About this object

A taiaha (long club/fighting staff) with one end (the head) carved in the shape of a tongue with a human face on either side of the shaft below it, the other end is a smooth blade. Tufts of dog hair, red wool tassels and the remains of feathers are fastened to the cloth binding at the neck. The main design on the tongue is double spirals formed by haehae (parallel grooves) and ridges with pakati (dog's-tooth notches). The eyes are shell-inlaid. There are two holes through the blade end caused by faults in the wood.

Object specifics

  • Type
    Weapon
  • Culture
    Maori
  • Artist/Maker
    Unknown or unrecorded
  • Place made
    Oceania: Polynesia: New Zealand
  • Date made
    19th Century
  • Materials
    Wood; Abalone (Haliotis sp); Technique: Carved, inlaid
  • Location
    Item not currently on display
  • Acquisition
    Gift of the Royal Institution, Liverpool, 1942
  • Collector
    Unknown or unrecorded
  • Place collected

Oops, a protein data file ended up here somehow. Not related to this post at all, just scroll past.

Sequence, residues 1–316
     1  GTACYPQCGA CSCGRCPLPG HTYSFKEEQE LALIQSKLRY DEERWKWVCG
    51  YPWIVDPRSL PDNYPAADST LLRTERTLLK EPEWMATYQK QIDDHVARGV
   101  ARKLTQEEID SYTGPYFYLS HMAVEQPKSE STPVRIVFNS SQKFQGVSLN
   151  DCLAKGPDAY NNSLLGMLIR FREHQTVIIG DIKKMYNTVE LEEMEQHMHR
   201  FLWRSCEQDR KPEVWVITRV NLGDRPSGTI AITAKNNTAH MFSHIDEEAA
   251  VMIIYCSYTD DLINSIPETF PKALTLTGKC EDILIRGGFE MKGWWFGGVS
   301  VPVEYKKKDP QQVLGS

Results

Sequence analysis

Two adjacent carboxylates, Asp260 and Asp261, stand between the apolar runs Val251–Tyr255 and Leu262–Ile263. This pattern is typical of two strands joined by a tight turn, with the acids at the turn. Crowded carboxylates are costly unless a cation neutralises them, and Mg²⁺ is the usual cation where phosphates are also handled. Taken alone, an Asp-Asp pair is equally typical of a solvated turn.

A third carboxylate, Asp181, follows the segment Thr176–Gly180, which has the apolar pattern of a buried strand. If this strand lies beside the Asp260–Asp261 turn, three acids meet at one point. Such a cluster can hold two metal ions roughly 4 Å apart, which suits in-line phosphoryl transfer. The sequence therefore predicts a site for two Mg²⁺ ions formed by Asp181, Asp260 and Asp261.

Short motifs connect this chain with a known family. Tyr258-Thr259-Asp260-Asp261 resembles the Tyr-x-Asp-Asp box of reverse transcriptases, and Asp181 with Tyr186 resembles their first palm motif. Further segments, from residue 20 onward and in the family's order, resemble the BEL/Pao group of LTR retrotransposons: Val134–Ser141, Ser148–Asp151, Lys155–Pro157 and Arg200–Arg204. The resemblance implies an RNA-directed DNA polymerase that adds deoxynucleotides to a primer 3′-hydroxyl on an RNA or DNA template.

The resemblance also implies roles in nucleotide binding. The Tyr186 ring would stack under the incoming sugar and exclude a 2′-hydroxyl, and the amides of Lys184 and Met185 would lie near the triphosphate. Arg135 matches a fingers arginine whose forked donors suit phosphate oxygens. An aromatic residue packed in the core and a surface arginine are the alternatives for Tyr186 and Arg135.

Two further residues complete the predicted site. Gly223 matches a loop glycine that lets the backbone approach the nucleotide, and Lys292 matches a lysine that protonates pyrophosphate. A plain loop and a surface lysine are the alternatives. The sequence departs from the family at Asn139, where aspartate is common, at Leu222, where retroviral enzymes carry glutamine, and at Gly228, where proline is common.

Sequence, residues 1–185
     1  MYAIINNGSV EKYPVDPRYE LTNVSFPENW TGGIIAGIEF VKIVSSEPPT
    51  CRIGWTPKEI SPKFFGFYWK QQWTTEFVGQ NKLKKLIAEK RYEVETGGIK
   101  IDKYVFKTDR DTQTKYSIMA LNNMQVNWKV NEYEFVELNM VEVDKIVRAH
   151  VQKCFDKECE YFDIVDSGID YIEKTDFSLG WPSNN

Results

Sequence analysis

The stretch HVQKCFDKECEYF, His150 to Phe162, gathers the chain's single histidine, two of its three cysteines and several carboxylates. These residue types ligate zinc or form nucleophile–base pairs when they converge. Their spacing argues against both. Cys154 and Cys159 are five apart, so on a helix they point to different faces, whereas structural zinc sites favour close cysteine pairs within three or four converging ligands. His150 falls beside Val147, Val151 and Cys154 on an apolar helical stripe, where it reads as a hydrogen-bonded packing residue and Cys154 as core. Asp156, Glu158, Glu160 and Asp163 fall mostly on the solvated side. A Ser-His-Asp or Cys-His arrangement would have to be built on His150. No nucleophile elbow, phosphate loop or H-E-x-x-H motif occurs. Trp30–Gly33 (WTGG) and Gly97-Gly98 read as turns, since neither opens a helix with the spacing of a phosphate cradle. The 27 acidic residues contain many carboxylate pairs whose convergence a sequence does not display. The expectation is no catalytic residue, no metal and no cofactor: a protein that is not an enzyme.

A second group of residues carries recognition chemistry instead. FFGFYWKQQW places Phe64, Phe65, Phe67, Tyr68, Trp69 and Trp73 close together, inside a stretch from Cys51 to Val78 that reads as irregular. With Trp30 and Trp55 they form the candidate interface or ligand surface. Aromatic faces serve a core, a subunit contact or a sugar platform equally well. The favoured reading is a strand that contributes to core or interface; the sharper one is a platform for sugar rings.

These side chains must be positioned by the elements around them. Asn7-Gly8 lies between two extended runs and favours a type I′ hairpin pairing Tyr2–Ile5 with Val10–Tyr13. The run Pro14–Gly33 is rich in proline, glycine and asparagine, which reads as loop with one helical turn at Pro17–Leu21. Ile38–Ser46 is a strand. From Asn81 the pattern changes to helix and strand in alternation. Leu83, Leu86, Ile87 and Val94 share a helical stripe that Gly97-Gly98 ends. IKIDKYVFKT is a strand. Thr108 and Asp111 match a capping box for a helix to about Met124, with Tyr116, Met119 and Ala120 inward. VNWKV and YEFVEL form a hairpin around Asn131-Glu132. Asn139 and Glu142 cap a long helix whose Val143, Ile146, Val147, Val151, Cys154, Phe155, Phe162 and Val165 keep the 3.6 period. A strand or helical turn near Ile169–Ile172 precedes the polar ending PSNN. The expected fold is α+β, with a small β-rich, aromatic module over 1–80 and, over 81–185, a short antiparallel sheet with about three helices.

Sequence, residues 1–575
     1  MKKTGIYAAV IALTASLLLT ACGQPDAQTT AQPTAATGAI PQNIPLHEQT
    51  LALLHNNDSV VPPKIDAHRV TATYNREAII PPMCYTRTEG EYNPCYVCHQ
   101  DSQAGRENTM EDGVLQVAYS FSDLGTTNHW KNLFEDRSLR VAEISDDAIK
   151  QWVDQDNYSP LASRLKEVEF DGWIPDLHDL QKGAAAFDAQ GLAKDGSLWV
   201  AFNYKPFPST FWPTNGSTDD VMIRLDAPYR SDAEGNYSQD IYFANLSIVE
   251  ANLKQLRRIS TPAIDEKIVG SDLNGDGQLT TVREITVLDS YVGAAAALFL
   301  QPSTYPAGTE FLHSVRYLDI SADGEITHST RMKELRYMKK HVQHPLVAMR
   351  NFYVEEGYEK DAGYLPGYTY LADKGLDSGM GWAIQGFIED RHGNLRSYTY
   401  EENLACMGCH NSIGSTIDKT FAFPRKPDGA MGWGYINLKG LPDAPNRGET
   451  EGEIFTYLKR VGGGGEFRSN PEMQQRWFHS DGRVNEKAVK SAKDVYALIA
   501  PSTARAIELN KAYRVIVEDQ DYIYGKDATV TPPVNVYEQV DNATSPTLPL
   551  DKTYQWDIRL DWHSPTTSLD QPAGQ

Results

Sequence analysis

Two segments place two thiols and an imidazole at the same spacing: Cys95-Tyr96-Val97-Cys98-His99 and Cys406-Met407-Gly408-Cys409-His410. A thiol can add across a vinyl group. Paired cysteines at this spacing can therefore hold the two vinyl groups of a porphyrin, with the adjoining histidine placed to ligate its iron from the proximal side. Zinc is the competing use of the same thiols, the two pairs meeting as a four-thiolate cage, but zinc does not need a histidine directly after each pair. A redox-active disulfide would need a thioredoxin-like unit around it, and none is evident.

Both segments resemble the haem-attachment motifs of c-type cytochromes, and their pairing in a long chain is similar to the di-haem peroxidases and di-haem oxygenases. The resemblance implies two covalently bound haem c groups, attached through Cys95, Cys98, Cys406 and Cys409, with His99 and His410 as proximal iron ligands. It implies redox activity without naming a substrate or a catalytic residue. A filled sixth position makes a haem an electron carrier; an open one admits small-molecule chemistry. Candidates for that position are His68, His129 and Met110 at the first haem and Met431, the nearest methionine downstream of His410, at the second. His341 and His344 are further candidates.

Unknown or unrecorded
  • Date collected
    Unknown or unrecorded
  • Measurements
    6.5 x 4.5 x 200.5 cm
  • Note
    The taiaha is a double-handed weapon used for striking with the blade, or stabbing with the tongue end, which is carved protruding from the mouth in the Maori gesture of defiance.

    Attributions: Possibly East Coast, 19th century (David Simmons, October 1981).
  • Related people
    Liverpool Royal Institution (Previous owner)

Where is this object from?

Ownership

Previous owners

  • Liverpool Royal Institution

    Owned from: Unknown or unrecorded
    How acquired: Gift
    Owned until: Unknown or unrecorded
    Disposal method: Unknown or unrecorded
Object view = Humanities
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